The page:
The best books on the transatlantic slave trade 📚

Browse the best books on the transatlantic slave trade as recommended by authors, experts, and creators. Along with notes on why they recommend those books.

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Book cover of Africa and Africans in the Making of the Atlantic World, 1400-1800

Africa and Africans in the Making of the Atlantic World, 1400-1800

By John Thornton

Why this book?

An invaluable scholarly source for understanding the Atlantic slave system at its source.  Among the book’s virtues are details of the cultures and politics in the area of European penetration and African slavery itself and the African participation in the European trade. This book should be recognized with the extensive literature on the Atlantic slave trade for its acknowledgment of the great range of African languages and cultures that ended up in Brazil, the Caribbean, and North America.

From the list:

The best books on African slavery in the Americas

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Book cover of Africans: The History of a Continent

Africans: The History of a Continent

By John Iliffe

Why this book?

There are thousands of histories of Africa, but only this one ties together environment, economy, demography, and society. In just 300 pages Iliffe presents Africa’s history from the birth of humankind to the mid-1990s. His history of Africa is the story of hardship and social adjustment in which population numbers are not just the result of variable, though mostly unfavourable, environmental situations, but a tool of survival and progress. This social adjustability, different as it may be from European patterns, allowed the continent’s people to build one of the greatest civilisations on earth. It carried them through natural disasters, invasions,…

From the list:

The best books to understand “what is wrong” with Africa – and what is right

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Book cover of Between the World and Me

Between the World and Me

By Ta-Nehisi Coates

Why this book?

Coates’ memoir, written in the form of a letter to his 14-year-old son, was his response to the 2000 death of his former Howard University classmate, killed by an undercover police officer in a case of mistaken identity. Coates grounds this story in deep research that explores the presumption of Black criminality woven through our history – in laws against aiding fugitive slaves, in slave codes that made it a crime to learn to read, in white terrorism that disenfranchised black people. I’ve admired Coates since I discovered his 2014 Atlantic article, “The Case for Reparations.” His message is devastating.…

From the list:

The best books that explain America’s systemic racism

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Book cover of Dark Matters: On the Surveillance of Blackness

Dark Matters: On the Surveillance of Blackness

By Simone Browne

Why this book?

This revelatory set of essays insists on the long, intertwined histories of anti-blackness and surveillance stretching all the way from the Atlantic slave trade to the present. Browne’s wide-ranging cases—from the plan of a slave ship, to the use of brands, passes, and lantern laws to monitor enslaved people, to post-9/11 security checks at airports—unearth the foundational role of racism in driving systems of identification and documentation intended to regulate those “out of place.” After reading Dark Matters, it is impossible to see surveillance technologies, whether centuries-old or brand new, as separable from the policing of black bodies and…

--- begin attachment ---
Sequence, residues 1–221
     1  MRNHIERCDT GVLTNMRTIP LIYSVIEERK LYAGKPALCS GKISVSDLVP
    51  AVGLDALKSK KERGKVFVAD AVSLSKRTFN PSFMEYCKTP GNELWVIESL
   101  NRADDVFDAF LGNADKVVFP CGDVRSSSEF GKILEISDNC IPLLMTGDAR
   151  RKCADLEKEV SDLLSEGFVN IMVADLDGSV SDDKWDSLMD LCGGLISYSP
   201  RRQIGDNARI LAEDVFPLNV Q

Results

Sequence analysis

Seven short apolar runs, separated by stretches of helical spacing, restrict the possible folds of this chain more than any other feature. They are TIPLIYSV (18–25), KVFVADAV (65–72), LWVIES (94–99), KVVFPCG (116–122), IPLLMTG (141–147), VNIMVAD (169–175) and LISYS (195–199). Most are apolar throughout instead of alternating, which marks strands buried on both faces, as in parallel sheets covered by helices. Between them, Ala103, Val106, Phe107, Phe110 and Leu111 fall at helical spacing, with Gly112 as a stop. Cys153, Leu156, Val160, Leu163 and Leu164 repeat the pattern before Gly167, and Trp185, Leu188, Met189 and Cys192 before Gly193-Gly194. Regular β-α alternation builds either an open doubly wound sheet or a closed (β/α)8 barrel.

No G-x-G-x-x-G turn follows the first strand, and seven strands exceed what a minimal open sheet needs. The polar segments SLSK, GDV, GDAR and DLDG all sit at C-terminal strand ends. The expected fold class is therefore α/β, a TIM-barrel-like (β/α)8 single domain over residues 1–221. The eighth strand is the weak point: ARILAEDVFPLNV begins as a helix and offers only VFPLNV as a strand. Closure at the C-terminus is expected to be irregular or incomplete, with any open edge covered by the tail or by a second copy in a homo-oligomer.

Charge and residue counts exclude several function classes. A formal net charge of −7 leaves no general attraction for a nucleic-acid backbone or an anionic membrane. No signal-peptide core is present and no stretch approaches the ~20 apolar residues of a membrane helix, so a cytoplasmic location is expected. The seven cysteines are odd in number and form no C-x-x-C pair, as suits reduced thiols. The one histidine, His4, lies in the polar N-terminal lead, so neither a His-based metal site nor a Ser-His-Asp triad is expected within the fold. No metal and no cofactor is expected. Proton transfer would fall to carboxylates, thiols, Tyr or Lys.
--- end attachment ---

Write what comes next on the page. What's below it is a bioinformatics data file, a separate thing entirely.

From the list:

The best books on identity documents in the modern world

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Book cover of Black Saints in Early Modern Global Catholicism

Black Saints in Early Modern Global Catholicism

By Erin Kathleen Rowe

Why this book?

This brand-new, prize-winning book is a gorgeous synthesis of some of the most important trends in current Iberian studies. Early modern empire-building, missionary efforts, and the African slave trade fostered a new cult of black saints, which Rowe documents through stunning photography from tiny and forgotten churches across the peninsula. In focusing on black saints and their devotees—a largely understudied part of early modern Catholic culture—Rowe not only centers and elevates the diverse and often marginalized individuals who shaped global Catholicism, but also emphasizes important conversations about race and inclusion in early modern society.

From the list:

The best books about Spain’s golden age

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Book cover of Enslaving Spirits: The Portuguese-Brazilian Alcohol Trade at Luanda and Its Hinterland, C. 1550-1830

Enslaving Spirits: The Portuguese-Brazilian Alcohol Trade at Luanda and Its Hinterland, C. 1550-1830

By José C. Curto

Why this book?

In Enslaving Spirits José C. Curto relies on the Atlantic history approach to demonstrate how alcohol linked Europe, Africa, and the Americas. The book looks at the role of foreign alcoholic beverages in the slave trade from Luanda and its hinterland between the sixteenth and the nineteenth centuries. The author follows the trajectory of Portuguese wine and the Brazilian alcohol known as geribita in the acquisition of captives to meet the demand for enslaved labor in the Americas. The reader will also learn a great deal about indigenous alcoholic beverages, as well as how the introduction of foreign intoxicants changed…

From the list:

The best books to read if you want to know more about the slave trade from Angola

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